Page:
Geomorphic and hydrodynamic impacts on sediment transport on the inner Louisiana shelf
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Geomorphic and hydrodynamic impacts on sediment transport on the inner Louisiana shelf

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    To investigate the interactions among geomorphology, hydrodynamics, and sediment dynamics on the inner shelf offshore Louisiana, multiple acoustic and optical sensors were deployed during a 58-day intermediate-energy period from May 23 to July 22, 2016. Time series results show that an elongated bathymetric “trough” between Ship Shoal and Isles Dernieres partially confines flow in the E-W (shore-parallel) direction. Warm water with lower salinity was observed in the mid to upper water column with cool water with higher salinity in the lower water column. High sediment concentrations of 1–10 g/L were observed in the bottom boundary layer during intermediate-energy conditions in response to sustained winds of up to 11 m/s, significant waves heights of up to 1.5 m, occasional 8 s period swells, and a spring tidal range of 0.6 m. The dominant current and sediment transport directions were westward during the study period. About 77% of the sediment flux occurred during three 2-day-long periods (only 10% of the observation period), revealing the nonlinear and episodic nature of sediment transport in this study area. Although intermediate-energy conditions are less energetic than hurricanes and storms, they occur more often and contribute greatly to the long-term net sediment transport. Based on preliminary estimates, ~51.0 million tons of sediment passes along the Louisiana inner shelf annually, comparable with the annual sediment exiting the Mississippi Delta and sourced from marsh edge erosion in coastal Louisiana combined. The inner shelf sediment flux is an integral part of the coastal sediment budget and may provide important mineral sediment for wetland accretion if transported onshore during storms.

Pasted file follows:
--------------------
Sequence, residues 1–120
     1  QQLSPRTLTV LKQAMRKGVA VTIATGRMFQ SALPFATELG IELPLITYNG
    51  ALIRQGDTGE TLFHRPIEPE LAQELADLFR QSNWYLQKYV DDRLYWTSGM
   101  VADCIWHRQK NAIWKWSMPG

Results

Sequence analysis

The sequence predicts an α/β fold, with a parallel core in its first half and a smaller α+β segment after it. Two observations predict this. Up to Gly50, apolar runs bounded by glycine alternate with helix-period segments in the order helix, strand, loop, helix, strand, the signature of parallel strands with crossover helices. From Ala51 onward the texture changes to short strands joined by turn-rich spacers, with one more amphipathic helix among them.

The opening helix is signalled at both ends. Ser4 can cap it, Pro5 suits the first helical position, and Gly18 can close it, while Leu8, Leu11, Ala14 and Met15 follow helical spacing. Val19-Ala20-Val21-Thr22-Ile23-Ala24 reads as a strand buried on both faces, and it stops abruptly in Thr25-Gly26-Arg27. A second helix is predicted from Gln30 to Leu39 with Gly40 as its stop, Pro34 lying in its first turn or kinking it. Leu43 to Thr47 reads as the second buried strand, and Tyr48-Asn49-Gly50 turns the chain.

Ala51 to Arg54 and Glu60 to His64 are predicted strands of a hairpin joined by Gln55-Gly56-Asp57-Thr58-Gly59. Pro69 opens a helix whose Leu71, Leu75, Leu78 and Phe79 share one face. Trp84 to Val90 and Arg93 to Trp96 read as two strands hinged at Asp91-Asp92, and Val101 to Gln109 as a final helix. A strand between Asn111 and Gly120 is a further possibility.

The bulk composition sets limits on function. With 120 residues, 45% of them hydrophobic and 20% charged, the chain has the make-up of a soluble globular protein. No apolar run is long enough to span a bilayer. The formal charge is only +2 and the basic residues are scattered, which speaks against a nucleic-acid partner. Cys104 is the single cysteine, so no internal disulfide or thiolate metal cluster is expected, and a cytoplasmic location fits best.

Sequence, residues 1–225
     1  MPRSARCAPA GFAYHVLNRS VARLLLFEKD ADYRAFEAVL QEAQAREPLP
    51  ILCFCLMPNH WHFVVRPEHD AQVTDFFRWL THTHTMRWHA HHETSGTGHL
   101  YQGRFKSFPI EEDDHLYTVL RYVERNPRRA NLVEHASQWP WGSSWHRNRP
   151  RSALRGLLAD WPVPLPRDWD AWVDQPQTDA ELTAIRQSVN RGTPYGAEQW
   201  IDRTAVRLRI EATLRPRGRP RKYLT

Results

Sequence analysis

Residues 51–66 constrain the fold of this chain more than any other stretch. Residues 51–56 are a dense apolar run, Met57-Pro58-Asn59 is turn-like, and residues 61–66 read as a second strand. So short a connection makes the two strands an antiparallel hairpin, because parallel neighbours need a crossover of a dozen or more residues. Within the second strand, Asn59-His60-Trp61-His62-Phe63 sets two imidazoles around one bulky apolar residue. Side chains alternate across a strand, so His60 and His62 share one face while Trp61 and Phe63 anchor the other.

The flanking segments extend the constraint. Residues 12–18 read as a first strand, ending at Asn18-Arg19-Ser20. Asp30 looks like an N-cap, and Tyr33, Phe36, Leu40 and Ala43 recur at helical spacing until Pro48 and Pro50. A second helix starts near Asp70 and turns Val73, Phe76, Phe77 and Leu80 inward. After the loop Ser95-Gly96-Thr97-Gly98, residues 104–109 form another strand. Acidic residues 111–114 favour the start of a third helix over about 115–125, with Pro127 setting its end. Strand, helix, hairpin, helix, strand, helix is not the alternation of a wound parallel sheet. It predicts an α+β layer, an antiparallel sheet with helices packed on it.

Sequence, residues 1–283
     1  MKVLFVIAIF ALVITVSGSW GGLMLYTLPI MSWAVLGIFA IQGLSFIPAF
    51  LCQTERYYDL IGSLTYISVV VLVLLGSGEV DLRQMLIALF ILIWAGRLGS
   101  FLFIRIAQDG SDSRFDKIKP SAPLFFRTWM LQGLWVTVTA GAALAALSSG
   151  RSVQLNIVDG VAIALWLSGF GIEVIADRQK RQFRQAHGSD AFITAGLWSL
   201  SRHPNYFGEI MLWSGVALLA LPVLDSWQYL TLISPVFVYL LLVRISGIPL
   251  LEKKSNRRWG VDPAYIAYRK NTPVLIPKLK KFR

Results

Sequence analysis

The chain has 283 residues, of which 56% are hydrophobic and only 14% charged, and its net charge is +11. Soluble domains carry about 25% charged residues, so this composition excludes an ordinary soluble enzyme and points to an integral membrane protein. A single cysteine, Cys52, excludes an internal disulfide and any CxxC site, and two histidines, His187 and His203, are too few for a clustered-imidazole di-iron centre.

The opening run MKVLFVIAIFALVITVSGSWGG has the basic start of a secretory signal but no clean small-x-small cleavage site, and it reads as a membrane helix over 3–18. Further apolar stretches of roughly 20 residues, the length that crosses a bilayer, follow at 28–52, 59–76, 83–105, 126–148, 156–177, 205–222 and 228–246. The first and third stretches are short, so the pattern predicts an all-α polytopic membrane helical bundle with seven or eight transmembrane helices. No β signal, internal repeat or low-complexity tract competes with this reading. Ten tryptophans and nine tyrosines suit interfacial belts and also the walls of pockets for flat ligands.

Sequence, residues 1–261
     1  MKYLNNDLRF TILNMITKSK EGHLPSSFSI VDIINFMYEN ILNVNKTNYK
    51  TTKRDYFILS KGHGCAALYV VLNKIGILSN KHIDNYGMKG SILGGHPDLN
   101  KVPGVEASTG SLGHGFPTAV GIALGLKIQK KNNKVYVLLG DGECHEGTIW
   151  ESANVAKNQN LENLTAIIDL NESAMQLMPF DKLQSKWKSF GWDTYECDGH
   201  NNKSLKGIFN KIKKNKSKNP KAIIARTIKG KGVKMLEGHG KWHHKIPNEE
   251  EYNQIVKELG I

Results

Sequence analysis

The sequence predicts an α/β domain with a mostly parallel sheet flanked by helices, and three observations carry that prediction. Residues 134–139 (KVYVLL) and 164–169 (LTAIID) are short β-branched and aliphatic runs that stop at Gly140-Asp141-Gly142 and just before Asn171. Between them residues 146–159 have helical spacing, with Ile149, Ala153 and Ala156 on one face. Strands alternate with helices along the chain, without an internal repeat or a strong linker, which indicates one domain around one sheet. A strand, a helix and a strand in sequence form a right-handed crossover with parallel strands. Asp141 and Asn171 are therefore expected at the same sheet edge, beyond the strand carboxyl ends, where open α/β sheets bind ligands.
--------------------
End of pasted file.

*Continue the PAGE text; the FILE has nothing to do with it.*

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    Geomorphology, 398, 108022
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    Accepted Manuscript
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